2) The Church's God-Given Power (Vv 14-21)

But Paul doesn't finish there, because if you remember, verses 2-13 were a digression in Paul's line of thought. He was about to pray for the church before he decided to remind them of their privileges as God's people and his role in proclaiming the mystery. But now he goes back to pray for these Christians. And Paul's prayer reveals secondly the church's God given power. And it's because Paul knows that the church is so precious in God's eyes, because he has God's perspective on God's church that he prays big prayers for the church. For the things we pray for one another reveal what our priorities are. Often the danger is that we pray for things that are simply material things or small matters. We perhaps pray for health and material comfort and safety. Not that there is anything wrong with praying for those things. But if we pray only those things for ourselves and our church, then it shows are priorities aren't quite in line with God's. Rather notice what Paul prays for as he kneels before his father in verse 14. As often in his prayers, he prays first and foremost for spiritual things. His prayer in Ephesians 3 is marked by two requests. And in both cases, they are requests for power, but power in the right way.

a) Power to Grow (Vv 16-17a) First there is the power to grow. And this request comes in verse 16: "I pray that out of his glorious riches he may strengthen you with power through his Spirit in your inner being so that Christ may dwell in your hearts through faith." So what does Paul mean here? Well he is praying for power, and this is power that comes by the Holy Spirit. It is a divine thing, not a humanly engineered gift. And this power strengthens us in our inner being. Now this is where Paul shows his priority of spiritual work in the believer. For the inner being is the place where Paul sees everything of importance taking place. It is our spiritual heart, and Paul is therefore praying that that heart would be strengthened. But why? Why does Paul pray this prayer? He gives a reason. Verse 17: "So that Christ may dwell in your hearts by faith." Now in what sense does Christ dwell in our hearts? Surely for the Christian he already dwells in our hearts? Well that is certainly true. But here Paul is using a word which means to take up permanent residence.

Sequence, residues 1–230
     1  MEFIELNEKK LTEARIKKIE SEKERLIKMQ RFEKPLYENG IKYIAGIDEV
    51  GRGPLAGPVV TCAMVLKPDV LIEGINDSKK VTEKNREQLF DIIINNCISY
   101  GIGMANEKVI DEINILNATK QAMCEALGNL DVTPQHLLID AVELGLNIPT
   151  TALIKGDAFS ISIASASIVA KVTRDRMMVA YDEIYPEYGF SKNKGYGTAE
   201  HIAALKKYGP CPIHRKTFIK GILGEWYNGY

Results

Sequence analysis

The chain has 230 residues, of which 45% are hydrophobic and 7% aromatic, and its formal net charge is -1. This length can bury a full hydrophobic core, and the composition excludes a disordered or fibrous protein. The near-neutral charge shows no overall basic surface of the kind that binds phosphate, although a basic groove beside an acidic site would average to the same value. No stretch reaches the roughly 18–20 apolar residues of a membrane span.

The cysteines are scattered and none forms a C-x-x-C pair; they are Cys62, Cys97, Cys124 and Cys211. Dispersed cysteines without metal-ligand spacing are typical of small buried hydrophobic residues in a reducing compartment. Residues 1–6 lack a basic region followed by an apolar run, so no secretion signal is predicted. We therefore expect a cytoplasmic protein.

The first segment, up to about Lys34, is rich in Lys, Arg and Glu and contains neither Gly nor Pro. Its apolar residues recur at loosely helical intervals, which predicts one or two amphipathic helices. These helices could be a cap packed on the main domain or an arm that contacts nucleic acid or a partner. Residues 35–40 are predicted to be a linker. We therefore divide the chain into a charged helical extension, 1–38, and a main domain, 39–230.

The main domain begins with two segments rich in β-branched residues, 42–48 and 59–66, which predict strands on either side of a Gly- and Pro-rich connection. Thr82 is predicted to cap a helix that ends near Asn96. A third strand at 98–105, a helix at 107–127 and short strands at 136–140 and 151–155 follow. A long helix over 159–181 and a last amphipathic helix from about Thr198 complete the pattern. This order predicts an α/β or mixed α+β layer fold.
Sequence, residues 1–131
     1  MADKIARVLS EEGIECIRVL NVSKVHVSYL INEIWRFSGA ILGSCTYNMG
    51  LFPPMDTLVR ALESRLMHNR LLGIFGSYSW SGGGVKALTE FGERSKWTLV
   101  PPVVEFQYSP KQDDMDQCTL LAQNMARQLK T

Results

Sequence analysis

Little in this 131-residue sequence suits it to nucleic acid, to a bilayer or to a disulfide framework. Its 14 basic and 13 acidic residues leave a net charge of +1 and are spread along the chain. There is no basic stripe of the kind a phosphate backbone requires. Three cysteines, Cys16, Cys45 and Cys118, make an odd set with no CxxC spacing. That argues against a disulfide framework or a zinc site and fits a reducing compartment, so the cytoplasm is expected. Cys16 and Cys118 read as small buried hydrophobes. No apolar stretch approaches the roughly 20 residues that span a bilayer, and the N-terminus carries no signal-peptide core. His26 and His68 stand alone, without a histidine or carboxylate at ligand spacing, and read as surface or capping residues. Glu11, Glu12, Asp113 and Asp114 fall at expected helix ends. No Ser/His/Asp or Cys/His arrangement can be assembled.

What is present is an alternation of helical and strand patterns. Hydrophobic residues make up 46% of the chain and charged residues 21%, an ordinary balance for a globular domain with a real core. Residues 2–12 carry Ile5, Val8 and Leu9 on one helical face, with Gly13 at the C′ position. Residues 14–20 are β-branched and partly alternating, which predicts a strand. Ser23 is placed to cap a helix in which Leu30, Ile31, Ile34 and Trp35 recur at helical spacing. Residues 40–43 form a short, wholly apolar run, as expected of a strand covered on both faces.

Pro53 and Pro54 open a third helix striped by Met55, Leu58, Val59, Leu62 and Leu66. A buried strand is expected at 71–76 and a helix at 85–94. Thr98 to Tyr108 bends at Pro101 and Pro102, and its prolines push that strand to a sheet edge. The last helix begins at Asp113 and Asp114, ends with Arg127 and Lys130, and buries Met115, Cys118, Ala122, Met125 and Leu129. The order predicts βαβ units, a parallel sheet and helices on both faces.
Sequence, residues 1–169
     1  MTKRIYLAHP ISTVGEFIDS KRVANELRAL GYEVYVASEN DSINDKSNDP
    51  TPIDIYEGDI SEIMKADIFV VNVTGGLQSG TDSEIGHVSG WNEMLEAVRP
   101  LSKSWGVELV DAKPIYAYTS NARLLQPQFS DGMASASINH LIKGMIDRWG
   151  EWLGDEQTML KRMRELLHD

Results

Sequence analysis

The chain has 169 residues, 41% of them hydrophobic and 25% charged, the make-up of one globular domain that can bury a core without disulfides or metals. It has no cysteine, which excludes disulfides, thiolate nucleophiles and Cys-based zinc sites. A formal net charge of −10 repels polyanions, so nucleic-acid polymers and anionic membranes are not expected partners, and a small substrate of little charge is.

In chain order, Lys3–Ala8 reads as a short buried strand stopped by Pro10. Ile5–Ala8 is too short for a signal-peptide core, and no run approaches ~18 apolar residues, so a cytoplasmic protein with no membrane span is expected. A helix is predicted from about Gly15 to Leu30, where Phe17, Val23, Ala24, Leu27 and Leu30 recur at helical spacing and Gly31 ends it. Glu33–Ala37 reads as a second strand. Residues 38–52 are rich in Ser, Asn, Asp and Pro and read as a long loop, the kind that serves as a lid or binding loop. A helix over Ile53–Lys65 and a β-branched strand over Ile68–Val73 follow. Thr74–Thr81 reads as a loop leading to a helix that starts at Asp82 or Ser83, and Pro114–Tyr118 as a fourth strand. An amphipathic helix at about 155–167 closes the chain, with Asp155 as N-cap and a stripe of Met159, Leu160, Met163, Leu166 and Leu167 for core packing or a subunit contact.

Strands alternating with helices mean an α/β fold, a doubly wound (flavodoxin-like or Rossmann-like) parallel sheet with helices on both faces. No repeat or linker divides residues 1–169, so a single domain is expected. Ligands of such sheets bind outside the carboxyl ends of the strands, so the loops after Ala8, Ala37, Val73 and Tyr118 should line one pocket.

Let me give you an illustration to explain what Paul is praying for. Imagine that a young couple buy a house after just getting married and there is a lot of work to do. The kitchen needs replacing, the heating system is archaic and is hardly effective, the roof leaks, and to cap it all the garden looks like a section of Equatorial rain forest. But it is theirs and they are happy. It is their marital home. They now live there. But as the years go by, they gradually do more to the house. They refit the kitchen and replace the roof. They put a pond in the garden and plant new flower beds, and then a few years after that they extend the house with an annex and convert the loft. And one day the man turns to his wife and says, "You know I really love this place. It really is our home. We've put our own mark on this place." Now when the Spirit of God takes up residence in our hearts, there is the moral equivalent of leaky roofs and trashy kitchens. But as the spiritual years go by, the heart of the believer gets cleaned up and Christ takes up more and more of a permanent residence in that heart. And gradually, that human heart has more and more hallmarks of its heavenly dweller, the Spirit of God. So when Paul prays that Ephesians would be strengthened in their inner beings with the power of the Spirit so that Christ can dwell there, he is praying for spiritual growth, for growth in godliness. He is praying that this church would grow more and like Christ. And he's praying in line with God's will because that is always what God wants in the hearts of believers. So we can be sure that God will delight to answer Paul's prayer.

b) The Power to Grasp (Vv 17b-19)